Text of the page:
Document Type


Date of Award

Spring 5-31-2013

Degree Name

Master of Science in Chemical Engineering - (M.S.)


Chemical, Biological and Pharmaceutical Engineering

First Advisor

Ecevit Atalay Bilgili

Second Advisor

Rajesh N. Dave

Third Advisor

Robert Benedict Barat


One of the ways to improve the dissolution rate of poorly water-soluble drugs is to produce fine drug particles with increased surface area. This increase will lead to bioavailability enhancement. However, smaller drug particles are thermodynamically unstable and tend to aggregate or grow. Therefore, proper formulation and process parameters must be chosen to keep the particles small. In this study, fine drug particles of two model drugs, fenofibrate and ibuprofen, are prepared by the melt emulsification technique. The influence of suspension formulation (i.e., the inclusion of polymers and surface-active agents) on particle stability is investigated. Moreover, different agitation techniques during cooling are studied for their impact on the physical stability and recrystallization of molten drug particles. The use of both nonionic surfactant Pluronic F68 and high-intensity ultrasound during cooling produces fenofibrate and ibuprofen suspensions with enhanced short-term physical stability. The optimized fenofibrate suspension is blended with hydroxypropyl methylcellulose film solution and cast into a solid strip film by oven drying. The film is characterized by redispersion and by dissolution rate. Particles are recovered from the films in de-ionized water within 5 minutes with no size increase, and a marked increase in dissolution rate is observed in comparison to as-received particles. The feasibility of incorporating stable drug particles produced by melt emulsification into strip films and consequent enhancement of particle recovery and dissolution rate from these films are successfully demonstrated.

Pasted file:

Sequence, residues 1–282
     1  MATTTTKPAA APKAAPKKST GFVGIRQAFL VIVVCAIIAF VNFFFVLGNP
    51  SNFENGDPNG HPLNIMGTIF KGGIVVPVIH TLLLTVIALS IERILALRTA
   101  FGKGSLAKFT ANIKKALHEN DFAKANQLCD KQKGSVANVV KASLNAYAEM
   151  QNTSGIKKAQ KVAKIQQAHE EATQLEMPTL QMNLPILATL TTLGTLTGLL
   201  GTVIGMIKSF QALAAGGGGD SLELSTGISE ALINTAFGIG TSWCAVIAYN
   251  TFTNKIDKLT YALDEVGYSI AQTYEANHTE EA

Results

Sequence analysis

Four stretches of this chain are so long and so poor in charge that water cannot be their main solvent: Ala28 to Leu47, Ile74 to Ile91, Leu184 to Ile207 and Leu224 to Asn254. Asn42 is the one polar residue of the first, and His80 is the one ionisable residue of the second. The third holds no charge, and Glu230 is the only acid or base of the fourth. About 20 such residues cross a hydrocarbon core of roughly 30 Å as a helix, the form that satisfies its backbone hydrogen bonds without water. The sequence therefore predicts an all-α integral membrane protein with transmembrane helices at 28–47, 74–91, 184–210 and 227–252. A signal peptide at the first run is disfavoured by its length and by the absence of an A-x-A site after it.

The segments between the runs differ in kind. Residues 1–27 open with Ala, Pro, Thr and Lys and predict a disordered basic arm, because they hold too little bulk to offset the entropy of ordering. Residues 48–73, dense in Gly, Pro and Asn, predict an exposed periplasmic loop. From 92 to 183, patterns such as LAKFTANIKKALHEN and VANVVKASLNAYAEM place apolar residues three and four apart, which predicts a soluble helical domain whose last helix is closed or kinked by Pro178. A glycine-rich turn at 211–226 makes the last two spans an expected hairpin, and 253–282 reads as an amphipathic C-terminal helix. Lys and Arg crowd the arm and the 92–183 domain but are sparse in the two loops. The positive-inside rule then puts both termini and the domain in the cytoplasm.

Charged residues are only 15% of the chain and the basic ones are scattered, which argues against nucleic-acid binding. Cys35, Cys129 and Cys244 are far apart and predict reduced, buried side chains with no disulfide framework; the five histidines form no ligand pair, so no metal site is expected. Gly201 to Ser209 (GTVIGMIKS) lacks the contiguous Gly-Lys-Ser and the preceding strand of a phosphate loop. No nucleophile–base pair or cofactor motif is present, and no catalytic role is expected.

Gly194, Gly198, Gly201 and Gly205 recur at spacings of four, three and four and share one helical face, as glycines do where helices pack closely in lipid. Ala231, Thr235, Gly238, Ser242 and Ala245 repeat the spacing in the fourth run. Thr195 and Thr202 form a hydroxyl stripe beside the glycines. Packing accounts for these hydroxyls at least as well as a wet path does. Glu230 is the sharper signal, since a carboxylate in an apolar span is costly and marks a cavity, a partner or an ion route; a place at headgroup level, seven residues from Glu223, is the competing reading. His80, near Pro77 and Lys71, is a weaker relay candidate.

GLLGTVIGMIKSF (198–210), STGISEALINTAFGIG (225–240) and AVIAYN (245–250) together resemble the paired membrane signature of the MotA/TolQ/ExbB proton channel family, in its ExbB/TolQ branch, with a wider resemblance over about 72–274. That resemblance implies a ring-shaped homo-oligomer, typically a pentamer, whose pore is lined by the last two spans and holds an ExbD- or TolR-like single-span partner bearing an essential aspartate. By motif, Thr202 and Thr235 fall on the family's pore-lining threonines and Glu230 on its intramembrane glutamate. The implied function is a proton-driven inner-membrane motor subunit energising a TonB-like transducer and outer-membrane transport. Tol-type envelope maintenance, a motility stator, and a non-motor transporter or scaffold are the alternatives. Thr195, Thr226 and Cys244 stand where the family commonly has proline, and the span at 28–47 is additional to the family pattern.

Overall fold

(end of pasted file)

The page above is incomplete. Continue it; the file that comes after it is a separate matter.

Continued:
To view the content in your browser, please download Adobe Reader or, alternately,
you may Download the file to your hard drive.

NOTE: The latest versions of Adobe Reader do not support viewing PDF files within Firefox on Mac OS and if you are using a modern (Intel) Mac, there is no official plugin for viewing PDF files within the browser window.